Following up on my last SkirBlog post, I wanted to share more about the design of Exodus Steps, but time, time, time! We’ve been working away at it late, late, late. The story’s so big, and the Skirball campus is so full of possibilities, we’ve gotten carried away with ourselves. This is going to have to be fast.
Since agreeing with the Skirball we were going to make Exodus Steps, we have (cutting out all the tedious administrative/visa waiver stuff that no one wants to hear about, least of all me):
- Re-read the book and identified all the must-have, could-have, and don’t-need scenes.
- Written a draft script.
- Decided who needs to say how little to make the story function and have some degree of character/humanity. (Remember, we’re cutting all the text into vinyl speech bubbles, so no one is allowed to soliloquise.)
- Thought about what objects the audience needs to see/interact with to tell the story and make the thing look attractive. (As in most movies, we’d like the story to be told by sight and action rather than words.)
- Designed most of the props, including feet. As this is the eighteenth edition of the Steps Series we have a fairly extensive archive of designs from previous shows so cow, sheep, dog, and horse footprints don’t need designing. Simon Ford, our graphic designer, has created a new line of footwear for Exodus Steps as we aspire to show gradations of social class/wealth in ancient Egypt through the footprints—which admittedly is a little ambitious (the Sherlock Holmes stories were amongst our inspirations for the series).
Below is my “diary” of how things are progressing:
- We arrive and agree on logical places to put different scenes around the campus.
- We get approval to work in all the spaces we wanted to work in.
- We check the vinyl order to make sure we have all the colours we need (each main character has their own colour and “extras” share colours).
- We pace all the scenes out, plotting what each of the character’s actions are going to be and counting the number of feet and hands that have to be cut out.
- Simon sets to work on the computer lining up everything that needs to be printed out.
- I lead a workshop for teachers at Skirball in the morning, and then retreat to the cellars in order to cut out all the speech bubbles for the show.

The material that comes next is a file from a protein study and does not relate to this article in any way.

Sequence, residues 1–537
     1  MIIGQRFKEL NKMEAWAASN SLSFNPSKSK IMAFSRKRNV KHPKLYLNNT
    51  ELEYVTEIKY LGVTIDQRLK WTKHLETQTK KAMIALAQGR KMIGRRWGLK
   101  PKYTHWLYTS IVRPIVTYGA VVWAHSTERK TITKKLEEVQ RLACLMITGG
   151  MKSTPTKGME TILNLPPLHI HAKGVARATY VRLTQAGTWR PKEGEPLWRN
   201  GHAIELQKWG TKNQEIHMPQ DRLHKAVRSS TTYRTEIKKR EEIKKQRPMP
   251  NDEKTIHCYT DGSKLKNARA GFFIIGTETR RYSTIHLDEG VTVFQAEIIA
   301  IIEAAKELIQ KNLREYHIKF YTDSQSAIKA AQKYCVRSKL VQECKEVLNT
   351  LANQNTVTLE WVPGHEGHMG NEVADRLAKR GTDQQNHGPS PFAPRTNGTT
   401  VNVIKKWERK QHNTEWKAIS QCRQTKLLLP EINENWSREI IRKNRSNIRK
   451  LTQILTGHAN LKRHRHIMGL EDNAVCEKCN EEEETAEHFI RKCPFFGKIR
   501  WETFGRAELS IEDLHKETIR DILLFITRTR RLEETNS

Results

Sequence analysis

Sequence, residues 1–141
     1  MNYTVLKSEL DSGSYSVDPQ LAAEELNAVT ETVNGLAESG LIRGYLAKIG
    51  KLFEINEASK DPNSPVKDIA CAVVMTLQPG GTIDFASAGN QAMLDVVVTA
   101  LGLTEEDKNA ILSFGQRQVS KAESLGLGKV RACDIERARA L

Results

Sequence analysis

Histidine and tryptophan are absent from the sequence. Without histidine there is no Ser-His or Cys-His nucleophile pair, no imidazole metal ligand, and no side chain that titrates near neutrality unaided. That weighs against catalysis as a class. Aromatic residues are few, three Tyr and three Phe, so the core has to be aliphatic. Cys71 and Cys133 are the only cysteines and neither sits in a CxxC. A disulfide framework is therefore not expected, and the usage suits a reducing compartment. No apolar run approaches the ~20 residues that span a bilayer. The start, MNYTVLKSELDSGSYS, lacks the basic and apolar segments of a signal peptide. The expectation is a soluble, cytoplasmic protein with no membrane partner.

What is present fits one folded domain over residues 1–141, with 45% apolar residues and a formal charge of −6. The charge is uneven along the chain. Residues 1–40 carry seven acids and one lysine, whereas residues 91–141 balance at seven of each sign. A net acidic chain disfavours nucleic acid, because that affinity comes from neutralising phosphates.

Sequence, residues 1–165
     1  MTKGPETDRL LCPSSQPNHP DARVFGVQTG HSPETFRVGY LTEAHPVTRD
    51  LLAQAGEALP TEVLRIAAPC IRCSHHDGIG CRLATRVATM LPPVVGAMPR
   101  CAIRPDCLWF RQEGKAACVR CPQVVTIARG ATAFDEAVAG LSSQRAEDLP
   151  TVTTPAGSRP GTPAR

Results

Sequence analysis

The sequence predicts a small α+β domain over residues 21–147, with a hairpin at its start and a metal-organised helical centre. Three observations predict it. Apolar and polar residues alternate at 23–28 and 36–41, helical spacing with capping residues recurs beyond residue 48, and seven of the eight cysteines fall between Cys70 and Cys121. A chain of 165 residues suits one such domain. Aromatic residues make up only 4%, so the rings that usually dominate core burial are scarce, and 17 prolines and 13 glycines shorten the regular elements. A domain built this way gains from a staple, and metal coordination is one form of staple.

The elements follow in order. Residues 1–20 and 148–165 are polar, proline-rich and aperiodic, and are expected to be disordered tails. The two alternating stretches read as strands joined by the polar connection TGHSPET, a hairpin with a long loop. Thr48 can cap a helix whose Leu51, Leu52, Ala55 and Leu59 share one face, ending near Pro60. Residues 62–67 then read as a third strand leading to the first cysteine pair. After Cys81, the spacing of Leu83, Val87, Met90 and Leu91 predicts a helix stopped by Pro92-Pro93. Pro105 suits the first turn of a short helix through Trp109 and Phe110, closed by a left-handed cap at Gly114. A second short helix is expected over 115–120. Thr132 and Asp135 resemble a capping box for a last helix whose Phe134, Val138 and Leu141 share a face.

- I spend the rest of the day peeling vinyl not needed from around the speech bubbles and taking out all the lettering from within the speech bubbles (in our design the gaps within the vinyl create the wording). This takes a very long time and gives me a crick in the neck.
- Kiki from the Skirball joins us in the cellars cutting out all the rest of the vinyl and peeling off unwanted bits.
- We put transfer tape on the complicated vinyl cuts—this tape sticks to the front of the vinyl allowing all the delicate pieces to stay in place whilst the backing paper is removed. The whole lot is then stuck in position and the transfer tape delicately peeled off, leaving perfectly aligned vinyl in place.
- We use a long, wide corridor in the basement to lay out the vinyl scene-by-scene for easy access tomorrow.
- We generate a filing system for feet and hands of all colours—left and right—and commandeer a Skirball cart and load it with the filing system, decorator’s tape, scissors, knives, application squeegees, and all the vinyl needed for scene 1.
- It’s 17:30 and getting gloomy but we decide to install scene 1 in Founder’s Courtyard anyway to get ahead of ourselves. It takes us three hours and isn’t quite finished when we decide to leave (lots of toes still have to be added to Miriam’s bare feet and some ducks need to go on the water). It’s too dark to see the scene very well. Crawling around on the floor leaves us both stiff and groaning like the old men we are becoming. We are ready for a cold beer and some food.
- We arrive on site in bright sunshine. Scene 1 looks great in the bright, clear Californian sun. Our spirits are high for today and tomorrow when the serious sticking is to take place.
- I leave Simon to get to work whilst I sneak off to write this and give a talk to Skirball staff about the show so they can help visitors get the best from it when we are finished and gone.
Enough! I have work to do!